How often do we accuse God for things we have done wrong? I look back at some issues we walked through in various churches. Some problems seemed to last forever and we did not have clarity on what to do. Questioned why God would do that. I now look back and see my own indecision and fear as markers of prolonged difficulty. I didn’t hear and see what he was trying to show me.
Turn to him for answers. Be willing to hear what he has to say. Sometimes you don’t hear because you don’t want to hear.
Get up. There are times to mourn. There are also times to address sin head on. God calls Joshua to deal with the problem. Don't let sin fester.
God Knows What Is Hidden
Joshua doesn’t know what happened, nor does he know who did it. But God knows everything. They have stolen and they have lied. God is calling them to account.
God picks the tribe, the clan, the family, and the man. Would think that at this point Achan is sweating like he ate an habañero pepper. All of life has come to a standstill because of what he has done.
Jehovah Jireh. The Lord who sees. He sees me. He knows me. More than you know.
The goods are in his tent, in the safe. Covered in the ground. Hidden inground so it cannot be found. He is playing games with God. Don’t play games you can’t win.
Hiding your sin is like the ostrich burying its head in the ground. Just cause you can’t see doesn’t mean God can’t see. Spitballs. No one knows you like God knows you. You can hide thoughts, desires, and acts from people. You cannot hide them from God. He knows you.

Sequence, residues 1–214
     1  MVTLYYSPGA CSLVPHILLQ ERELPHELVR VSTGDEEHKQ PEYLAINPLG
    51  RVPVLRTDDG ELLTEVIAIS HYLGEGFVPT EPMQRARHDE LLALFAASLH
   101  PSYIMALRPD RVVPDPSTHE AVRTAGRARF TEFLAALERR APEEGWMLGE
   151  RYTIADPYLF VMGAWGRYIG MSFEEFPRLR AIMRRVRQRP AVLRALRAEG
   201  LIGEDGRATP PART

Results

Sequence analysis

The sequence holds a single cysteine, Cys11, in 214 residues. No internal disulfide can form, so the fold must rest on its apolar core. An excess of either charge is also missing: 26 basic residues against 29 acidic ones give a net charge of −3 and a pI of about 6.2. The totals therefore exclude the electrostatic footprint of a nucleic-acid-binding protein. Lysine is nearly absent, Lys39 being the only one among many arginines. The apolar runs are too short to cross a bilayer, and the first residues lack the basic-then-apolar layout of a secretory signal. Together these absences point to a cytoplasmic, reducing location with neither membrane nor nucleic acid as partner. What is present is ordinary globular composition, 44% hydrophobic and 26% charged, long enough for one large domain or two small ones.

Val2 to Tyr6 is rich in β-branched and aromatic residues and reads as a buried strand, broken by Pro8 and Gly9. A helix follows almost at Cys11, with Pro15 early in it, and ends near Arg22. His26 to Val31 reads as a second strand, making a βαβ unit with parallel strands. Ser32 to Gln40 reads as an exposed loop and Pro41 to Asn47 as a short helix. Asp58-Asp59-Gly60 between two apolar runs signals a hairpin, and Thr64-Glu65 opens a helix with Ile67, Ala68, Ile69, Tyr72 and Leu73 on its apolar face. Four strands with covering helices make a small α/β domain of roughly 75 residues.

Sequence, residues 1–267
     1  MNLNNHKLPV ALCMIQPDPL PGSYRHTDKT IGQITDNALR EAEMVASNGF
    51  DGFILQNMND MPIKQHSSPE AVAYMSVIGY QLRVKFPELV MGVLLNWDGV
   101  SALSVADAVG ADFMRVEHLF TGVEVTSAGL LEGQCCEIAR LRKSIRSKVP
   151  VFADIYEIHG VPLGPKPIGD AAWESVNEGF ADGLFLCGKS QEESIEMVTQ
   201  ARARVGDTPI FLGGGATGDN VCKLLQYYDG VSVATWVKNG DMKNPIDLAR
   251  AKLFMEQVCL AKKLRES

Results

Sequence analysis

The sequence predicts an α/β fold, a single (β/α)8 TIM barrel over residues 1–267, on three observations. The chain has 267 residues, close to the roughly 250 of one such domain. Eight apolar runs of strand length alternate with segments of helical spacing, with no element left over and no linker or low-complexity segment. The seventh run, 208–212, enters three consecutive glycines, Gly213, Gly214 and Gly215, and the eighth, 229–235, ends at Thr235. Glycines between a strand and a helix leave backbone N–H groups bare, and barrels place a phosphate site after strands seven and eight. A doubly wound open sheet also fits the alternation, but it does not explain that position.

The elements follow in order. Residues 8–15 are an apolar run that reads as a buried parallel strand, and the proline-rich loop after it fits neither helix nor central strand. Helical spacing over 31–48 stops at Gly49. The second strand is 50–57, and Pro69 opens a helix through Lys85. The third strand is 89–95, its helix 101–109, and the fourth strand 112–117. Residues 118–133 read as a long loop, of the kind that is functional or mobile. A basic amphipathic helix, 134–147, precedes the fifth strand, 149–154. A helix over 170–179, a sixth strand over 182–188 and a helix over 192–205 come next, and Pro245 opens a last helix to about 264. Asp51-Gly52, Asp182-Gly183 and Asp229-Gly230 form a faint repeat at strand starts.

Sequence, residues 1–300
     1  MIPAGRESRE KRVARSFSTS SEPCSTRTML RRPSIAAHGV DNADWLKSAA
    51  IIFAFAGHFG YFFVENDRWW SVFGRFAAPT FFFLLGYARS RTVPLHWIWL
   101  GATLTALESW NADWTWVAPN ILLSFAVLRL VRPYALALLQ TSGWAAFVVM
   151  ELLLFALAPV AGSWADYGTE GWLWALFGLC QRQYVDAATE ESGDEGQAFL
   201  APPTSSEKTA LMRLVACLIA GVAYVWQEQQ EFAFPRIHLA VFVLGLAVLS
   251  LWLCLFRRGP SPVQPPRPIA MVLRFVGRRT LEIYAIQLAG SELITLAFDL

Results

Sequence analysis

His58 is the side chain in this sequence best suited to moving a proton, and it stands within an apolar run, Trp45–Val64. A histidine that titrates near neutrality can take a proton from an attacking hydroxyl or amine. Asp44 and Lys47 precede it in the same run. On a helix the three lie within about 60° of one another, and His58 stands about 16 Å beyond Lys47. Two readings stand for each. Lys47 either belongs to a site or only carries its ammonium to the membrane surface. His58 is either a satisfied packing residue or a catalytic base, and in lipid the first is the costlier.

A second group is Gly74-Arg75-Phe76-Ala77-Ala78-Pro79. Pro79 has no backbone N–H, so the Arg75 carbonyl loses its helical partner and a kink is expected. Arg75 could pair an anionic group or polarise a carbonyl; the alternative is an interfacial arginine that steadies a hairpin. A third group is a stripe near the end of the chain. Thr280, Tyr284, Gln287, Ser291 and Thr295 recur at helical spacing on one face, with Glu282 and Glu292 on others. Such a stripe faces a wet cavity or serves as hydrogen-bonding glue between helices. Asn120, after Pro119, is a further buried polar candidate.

The Sin of Achan
Achan saw the wonderful plunder: "cloak from Shinar, and 200 shekels of silver, and a bar of gold weighing 50 shekels, then I coveted them and took them" (Jos 7:21 ESV).
Cloak from Shinar. Six pounds of silver, gold. What an average worker would make in a lifetime. He took it.
He saw. He coveted. He took. He sinned. Just like Adam and Eve in the garden. People fail in private before they fail in public.
Follow God, not your heart. The heart can be misguided. It is deceitful.
He hid the plunder. Knew it was wrong and doesn’t want to be found out. His family will suffer the same fate as him. They are treated as being complicit in the sin. They knew the ground was dug up in the tent.
Hiding sin is not the way to deal with sin. Achan will be called to give glory to God. That involves humbling yourself and laying it all bare.
When you hide your sin you give it the protection it needs to grow and consume you.
God’s word was clear. They were not to take this. He took it. There are consequences. For him and others. Ironic thing is, Jericho was the first city to conquer. God wants the first portion of what he gives. The plunder of all future victories was for the Israelites. Achan couldn't wait. Achan failed with his firstfruits. The danger of coveting!
He is a great picture of what you get when you combine Jesus and the world. Trade God for more stuff. He got neither God nor stuff. He lost it all.
One of your greatest threats is your own sinful nature. World, flesh, and devil. Sin begins in the heart. It is slick.
Lactantius. Man who overcomes himself.
There is a difference in knowing you are a sinner and really knowing that you are a sinner. If you really know then you will fight against it. You will be vigilant in dealing with it. You go after the seeds of it. I’m not good at taking care of our yard. I forget about the weeds until they are towering above the grass and flowering. Too late. Deal with it before it sprouts.